I am a photographer, life organizer and coach, and sustainable living advocate based in San Francisco. Photography has been coursing through my veins since at least the ripe young age of four when I remember sitting on a stool in my father’s darkroom to watch images appear on paper floating in trays of liquid.
My photographs have been exhibited nationally and published in journals that include yes!, The Adirondack Review, The Sun, grist, and Resurgence as well as in numerous creative collaborations. Clients include B Lab, Startworks, and Aslam’s Rasoi. My photographs of divestment rallies at Rutgers University in 1985 were included in Mandela’s Life, Legacy Recalled on New Jersey Public Television.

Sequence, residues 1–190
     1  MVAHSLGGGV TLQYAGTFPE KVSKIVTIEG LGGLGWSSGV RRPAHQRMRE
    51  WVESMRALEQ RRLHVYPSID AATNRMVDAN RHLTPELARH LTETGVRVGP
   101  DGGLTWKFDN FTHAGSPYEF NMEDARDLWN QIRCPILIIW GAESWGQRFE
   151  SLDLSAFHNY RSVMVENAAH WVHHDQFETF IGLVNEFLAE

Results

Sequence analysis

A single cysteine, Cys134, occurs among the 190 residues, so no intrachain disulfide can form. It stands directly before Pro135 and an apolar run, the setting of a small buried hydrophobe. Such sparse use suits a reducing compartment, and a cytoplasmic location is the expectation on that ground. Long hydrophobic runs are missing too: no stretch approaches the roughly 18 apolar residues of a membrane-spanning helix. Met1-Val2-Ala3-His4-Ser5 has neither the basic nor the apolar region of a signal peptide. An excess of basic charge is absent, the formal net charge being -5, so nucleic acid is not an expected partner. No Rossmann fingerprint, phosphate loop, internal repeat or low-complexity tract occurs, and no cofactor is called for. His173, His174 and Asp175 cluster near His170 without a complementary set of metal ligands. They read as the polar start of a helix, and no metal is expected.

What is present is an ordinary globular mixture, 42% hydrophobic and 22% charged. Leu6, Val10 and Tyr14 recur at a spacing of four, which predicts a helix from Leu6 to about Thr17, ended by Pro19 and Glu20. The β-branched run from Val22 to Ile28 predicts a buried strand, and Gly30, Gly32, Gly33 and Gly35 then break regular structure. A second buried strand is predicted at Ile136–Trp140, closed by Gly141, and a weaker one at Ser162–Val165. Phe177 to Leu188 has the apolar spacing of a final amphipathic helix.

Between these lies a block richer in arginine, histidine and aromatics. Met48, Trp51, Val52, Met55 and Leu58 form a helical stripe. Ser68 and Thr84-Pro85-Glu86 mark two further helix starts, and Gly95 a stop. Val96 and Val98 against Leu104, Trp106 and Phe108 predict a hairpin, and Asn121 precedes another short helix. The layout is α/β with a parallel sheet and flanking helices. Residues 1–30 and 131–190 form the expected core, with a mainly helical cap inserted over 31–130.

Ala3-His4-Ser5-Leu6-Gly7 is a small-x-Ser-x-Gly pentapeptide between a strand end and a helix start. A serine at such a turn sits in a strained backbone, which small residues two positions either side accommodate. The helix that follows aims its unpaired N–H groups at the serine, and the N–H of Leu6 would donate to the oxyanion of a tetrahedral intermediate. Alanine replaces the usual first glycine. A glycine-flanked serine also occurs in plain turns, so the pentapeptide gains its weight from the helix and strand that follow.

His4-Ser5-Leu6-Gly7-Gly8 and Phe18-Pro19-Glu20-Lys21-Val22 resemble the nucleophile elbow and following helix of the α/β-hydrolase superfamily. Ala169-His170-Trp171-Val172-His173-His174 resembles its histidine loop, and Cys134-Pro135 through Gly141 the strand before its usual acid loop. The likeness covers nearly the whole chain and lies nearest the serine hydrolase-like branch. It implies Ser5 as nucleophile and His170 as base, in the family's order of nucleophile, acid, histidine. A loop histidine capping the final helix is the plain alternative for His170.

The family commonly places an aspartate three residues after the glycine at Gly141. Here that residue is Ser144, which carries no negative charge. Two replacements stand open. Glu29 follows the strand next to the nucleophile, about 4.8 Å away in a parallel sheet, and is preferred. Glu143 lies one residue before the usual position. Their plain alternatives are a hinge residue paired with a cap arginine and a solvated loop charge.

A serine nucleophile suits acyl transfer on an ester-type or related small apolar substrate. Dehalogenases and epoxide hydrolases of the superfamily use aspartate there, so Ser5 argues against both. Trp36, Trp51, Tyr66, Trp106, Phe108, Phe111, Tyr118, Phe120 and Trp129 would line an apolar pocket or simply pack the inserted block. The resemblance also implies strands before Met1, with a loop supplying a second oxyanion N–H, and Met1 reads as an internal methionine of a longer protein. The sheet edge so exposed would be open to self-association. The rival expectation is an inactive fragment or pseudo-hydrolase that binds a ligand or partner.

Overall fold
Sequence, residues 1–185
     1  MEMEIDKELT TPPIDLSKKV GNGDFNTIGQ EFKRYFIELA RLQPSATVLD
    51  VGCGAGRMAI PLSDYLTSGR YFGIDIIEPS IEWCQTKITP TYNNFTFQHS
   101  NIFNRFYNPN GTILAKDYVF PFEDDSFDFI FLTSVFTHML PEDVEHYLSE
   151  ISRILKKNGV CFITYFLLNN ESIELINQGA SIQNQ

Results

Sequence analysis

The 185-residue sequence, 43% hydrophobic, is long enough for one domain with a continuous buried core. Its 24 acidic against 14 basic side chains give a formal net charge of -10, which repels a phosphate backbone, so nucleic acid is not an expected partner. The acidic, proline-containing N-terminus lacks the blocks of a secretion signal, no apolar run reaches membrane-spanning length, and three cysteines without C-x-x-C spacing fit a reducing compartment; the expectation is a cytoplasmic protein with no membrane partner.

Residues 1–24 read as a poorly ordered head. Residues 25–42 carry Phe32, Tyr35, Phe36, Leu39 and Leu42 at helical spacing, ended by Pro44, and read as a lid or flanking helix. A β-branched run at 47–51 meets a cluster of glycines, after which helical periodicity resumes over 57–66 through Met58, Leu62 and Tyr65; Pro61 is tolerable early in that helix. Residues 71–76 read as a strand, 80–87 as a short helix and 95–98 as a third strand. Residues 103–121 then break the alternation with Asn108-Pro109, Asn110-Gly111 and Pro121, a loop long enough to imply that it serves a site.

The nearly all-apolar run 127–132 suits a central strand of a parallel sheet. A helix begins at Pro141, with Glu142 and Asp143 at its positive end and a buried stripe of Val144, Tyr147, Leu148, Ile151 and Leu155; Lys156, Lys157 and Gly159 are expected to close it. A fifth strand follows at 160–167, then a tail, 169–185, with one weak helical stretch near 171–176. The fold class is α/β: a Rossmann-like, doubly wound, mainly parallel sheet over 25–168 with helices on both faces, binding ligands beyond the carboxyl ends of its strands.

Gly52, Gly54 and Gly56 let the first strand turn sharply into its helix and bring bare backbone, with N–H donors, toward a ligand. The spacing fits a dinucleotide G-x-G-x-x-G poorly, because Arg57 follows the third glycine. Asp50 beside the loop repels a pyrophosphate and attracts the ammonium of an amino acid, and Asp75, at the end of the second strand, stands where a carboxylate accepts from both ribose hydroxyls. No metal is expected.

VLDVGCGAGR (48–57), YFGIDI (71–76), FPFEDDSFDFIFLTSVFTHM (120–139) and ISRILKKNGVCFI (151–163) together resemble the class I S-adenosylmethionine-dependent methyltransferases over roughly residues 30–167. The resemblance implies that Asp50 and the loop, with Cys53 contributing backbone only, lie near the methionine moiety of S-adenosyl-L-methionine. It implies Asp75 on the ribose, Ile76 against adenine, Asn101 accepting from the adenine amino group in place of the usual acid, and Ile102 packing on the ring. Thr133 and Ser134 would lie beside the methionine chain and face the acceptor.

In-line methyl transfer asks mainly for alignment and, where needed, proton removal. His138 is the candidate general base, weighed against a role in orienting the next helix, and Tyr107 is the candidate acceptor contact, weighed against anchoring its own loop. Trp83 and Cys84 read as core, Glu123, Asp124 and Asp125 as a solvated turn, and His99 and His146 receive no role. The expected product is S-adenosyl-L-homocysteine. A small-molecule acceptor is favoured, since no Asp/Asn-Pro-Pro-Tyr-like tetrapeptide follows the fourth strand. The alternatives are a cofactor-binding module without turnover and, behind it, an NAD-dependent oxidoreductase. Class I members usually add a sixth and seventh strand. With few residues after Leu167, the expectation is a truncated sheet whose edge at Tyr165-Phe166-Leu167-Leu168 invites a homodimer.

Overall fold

During the twenty years before officially “coming out of the darkroom” as a photographer in my own right, I worked with photojournalist Ed Kashi, The New York Times Magazine, The Industry Standard, Natural History Magazine, Mother Jones, the International Center of Photography, the Labor Archives and Research Center, the Asian Art Museum of San Francisco, and the library of Mary Ellen Mark, among others.
With or without my camera in tow, I love how marveling at the small things in life can make them bigger while making the bigger things smaller. Elephants are one exception. They are always big, and I always marvel at them.
And yes, while black-and-white film is my medium of choice, you’ll notice that color work has a way of sneaking in from time to time.